Maeda Toshinaga

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Maeda Toshinaga
Maeda Toshinaga.jpg
Portrait of Maeda Toshinaga
Lord of Kaga
In office
Preceded byMaeda Toshiie
Succeeded byMaeda Toshitsune
Personal details
BornFebruary 15, 1562
Owari Province, Japan
DiedJune 27, 1614(1614-06-27) (aged 52)
Takaoka, Toyama, Japan
Resting placeTakaoka, Toyama, Japan
Spouse(s)daughter of Oda Nobunaga
MotherMaeda Matsu
FatherMaeda Toshiie
Statue of Maeda Toshinaga

Maeda Toshinaga (前田 利長, February 15, 1562 – June 27, 1614) was a Sengoku period Japanese samurai and the second early-Edo period daimyō of Kaga Domain in the Hokuriku region of Japan, and the 3rd hereditary chieftain of the Maeda clan. He was the eldest son of Maeda Toshiie. His childhood name was "Inuchiyo" (犬千代).

Toshinaga was born in what is now part of the city of Nagoya in Owari Province, where his father was in the service of Oda Nobunaga In 1581, he married one of Oda Nobunaga's daughters, Ei-hime, who was only six years old at the time. Nobunaga was assassinated the following year at the Honnō-ji Incident. In 1583, he assisted his father at the Battle of Shizugatake and after the death of Shibata Katsuie, he swore fealty to Toyotomi Hideyoshi and was awarded a 40,000 koku fief in Kaga Province. In 1585, he played a key role in Hideyoshi's campaign against Sassa Narimasa, and his holdings were greatly expanded to 320,000 koku across Kaga and Etchū Provinces. He accompanied Hideyoshi during the Kyūshū Campaign and the Siege of Odawara and in 1598 received the 267,000 koku Kanazawa holdings of his father, Maeda Toshiie.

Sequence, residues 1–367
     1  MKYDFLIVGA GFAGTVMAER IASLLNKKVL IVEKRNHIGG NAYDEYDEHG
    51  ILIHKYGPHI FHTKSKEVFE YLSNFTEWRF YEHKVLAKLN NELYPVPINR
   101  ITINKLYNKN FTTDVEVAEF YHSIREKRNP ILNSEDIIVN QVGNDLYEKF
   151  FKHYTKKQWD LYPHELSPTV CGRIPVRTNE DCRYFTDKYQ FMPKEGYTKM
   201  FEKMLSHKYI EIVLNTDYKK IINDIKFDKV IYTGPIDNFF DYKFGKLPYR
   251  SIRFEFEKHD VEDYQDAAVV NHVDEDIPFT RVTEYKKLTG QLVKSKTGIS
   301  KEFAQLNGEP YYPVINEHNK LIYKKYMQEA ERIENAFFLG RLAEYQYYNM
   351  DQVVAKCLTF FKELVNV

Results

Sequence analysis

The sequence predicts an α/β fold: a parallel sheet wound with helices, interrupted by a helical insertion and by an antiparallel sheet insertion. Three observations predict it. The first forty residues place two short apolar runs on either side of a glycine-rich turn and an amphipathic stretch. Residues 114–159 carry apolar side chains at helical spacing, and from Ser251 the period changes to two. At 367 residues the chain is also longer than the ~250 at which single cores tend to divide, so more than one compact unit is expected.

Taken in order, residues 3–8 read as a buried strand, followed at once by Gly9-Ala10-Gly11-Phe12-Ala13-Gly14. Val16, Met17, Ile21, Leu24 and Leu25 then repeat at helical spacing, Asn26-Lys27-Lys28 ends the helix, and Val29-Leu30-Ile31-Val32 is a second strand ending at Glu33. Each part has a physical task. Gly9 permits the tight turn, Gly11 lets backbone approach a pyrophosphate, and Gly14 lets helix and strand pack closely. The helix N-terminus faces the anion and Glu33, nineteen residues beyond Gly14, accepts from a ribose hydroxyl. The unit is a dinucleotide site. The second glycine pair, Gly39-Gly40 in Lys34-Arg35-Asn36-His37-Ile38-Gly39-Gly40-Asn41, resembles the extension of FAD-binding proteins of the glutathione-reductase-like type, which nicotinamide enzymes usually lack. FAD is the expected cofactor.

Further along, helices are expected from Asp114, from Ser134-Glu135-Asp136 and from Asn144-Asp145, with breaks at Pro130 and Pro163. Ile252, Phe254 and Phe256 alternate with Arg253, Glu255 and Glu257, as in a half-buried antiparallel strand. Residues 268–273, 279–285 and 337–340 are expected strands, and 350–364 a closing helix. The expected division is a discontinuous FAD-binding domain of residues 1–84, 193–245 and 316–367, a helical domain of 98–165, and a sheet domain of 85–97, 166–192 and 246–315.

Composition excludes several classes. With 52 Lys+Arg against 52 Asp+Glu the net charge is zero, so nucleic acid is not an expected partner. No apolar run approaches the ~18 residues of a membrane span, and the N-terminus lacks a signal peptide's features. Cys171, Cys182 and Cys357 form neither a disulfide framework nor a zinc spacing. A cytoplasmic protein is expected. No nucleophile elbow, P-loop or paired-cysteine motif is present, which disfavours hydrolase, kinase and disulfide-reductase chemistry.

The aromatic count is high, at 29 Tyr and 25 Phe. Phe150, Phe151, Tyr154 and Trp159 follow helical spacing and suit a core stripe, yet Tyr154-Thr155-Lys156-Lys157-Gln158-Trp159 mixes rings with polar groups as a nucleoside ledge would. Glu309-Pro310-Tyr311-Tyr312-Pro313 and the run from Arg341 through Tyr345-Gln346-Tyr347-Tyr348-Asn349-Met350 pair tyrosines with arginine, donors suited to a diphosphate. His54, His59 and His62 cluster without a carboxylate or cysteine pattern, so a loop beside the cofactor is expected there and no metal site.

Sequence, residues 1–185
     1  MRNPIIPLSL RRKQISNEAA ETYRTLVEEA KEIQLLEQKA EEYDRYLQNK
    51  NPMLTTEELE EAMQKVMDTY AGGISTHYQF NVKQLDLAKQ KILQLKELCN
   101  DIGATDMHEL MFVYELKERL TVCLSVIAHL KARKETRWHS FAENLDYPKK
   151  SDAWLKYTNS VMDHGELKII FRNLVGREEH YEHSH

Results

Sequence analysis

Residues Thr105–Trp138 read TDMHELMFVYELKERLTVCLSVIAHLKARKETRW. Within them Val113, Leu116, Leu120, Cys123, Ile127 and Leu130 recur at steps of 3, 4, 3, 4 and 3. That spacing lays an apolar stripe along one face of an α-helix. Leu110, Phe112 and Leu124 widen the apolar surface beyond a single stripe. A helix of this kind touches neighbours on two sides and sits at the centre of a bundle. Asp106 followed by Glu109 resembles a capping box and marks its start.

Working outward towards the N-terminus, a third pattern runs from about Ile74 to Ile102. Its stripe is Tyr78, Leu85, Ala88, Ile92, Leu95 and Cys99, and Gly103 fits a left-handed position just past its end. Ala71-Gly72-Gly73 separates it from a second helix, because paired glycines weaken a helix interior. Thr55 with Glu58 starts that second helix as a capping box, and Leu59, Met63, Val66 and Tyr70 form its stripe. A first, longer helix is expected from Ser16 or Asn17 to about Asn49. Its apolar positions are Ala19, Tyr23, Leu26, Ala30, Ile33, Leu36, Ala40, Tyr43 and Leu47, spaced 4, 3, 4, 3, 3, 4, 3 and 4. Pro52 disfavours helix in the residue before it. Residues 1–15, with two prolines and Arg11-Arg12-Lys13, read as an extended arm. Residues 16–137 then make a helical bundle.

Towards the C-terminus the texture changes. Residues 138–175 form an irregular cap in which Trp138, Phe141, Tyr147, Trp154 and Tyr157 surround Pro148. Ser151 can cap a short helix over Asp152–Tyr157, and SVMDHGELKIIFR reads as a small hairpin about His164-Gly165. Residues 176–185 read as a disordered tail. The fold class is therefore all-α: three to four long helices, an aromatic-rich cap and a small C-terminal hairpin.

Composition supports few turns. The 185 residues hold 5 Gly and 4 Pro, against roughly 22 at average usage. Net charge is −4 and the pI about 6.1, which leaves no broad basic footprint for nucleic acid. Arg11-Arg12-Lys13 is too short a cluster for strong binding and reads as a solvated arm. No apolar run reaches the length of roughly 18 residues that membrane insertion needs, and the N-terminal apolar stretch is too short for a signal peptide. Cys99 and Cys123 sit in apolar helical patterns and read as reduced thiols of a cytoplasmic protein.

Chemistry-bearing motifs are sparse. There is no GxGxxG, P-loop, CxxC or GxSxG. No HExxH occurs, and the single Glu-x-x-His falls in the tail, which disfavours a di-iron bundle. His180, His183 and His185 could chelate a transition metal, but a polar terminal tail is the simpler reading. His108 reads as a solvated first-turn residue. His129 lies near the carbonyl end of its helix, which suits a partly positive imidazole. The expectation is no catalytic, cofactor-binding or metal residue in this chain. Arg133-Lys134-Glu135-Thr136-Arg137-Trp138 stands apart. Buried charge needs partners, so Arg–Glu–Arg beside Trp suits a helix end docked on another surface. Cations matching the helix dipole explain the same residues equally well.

Toshiie died the following year, and Hosokawa Tadaoki convinced Toshinaga to support Tokugawa Ieyasu over Ishida Mitsunari and Toyotomi Hideyori. At the time of the Battle of Sekigahara, his role was primarily to contain the forces of Uesugi Kagekatsu and Niwa Nagashige, and at the same time, to keep the forces of his younger brother, Maeda Toshimasa, ruler of Noto Province, from joining the western army. On the establishment of the Tokugawa shogunate, Toshinaga was confirmed in his holdings, which had also been expanded by the addition of 225,000 koku formerly held by his brother Toshimasa, and 120,000 koku from Komatsu Castle and 63,000 koku from Daisho-ji Castle to a total of 1,250,000 koku, which covered the provinces of Kaga, Noto and Etchū. The kokudaka of Kaga Domain was exceeded only by the Shogunal house itself. Toshinaga built and resided in Kanazawa Castle.

With the establishment of the sankin-kōtai system of alternative attendance in Edo, Toshinaga was the first daimyō to establish a residence in the new capital.

Toshinaga had no son and adopted his younger brother Maeda Toshitsune as his heir. He retired in 1605, and relocated from Kanazawa to Toyama Castle, setting aside 220,000 koku for his retirement expenses. When Toyama Castle burned down in 1609, he moved to Uozu, and later to Takaoka. During this period, he increasing withdrew from public life due to complications from syphilis, and committed suicide by poison at Takaoka Castle in 1614. His mortuary temple is the temple of Zuiryū-ji in Takaoka.


  • Father: Maeda Toshiie
  • Mother: Maeda Matsu
  • Wife: Ei-hime (1574-1623)
  • Concubine: Otsubo Sukezaemon’s daughter
  • Daughter: Manhime (1605-1611) by Otsubo Sukezaemon’s daughter


  • Papinot, Edmond. (1948). Historical and Geographical Dictionary of Japan. New York: Overbeck Co.

External links[edit]

Media related to Maeda Toshinaga at Wikimedia Commons

Preceded by
Maeda Toshiie
Japanese crest Kaga Umebachi.svg 1st (Maeda) daimyō of Kaga
Succeeded by
Maeda Toshitsune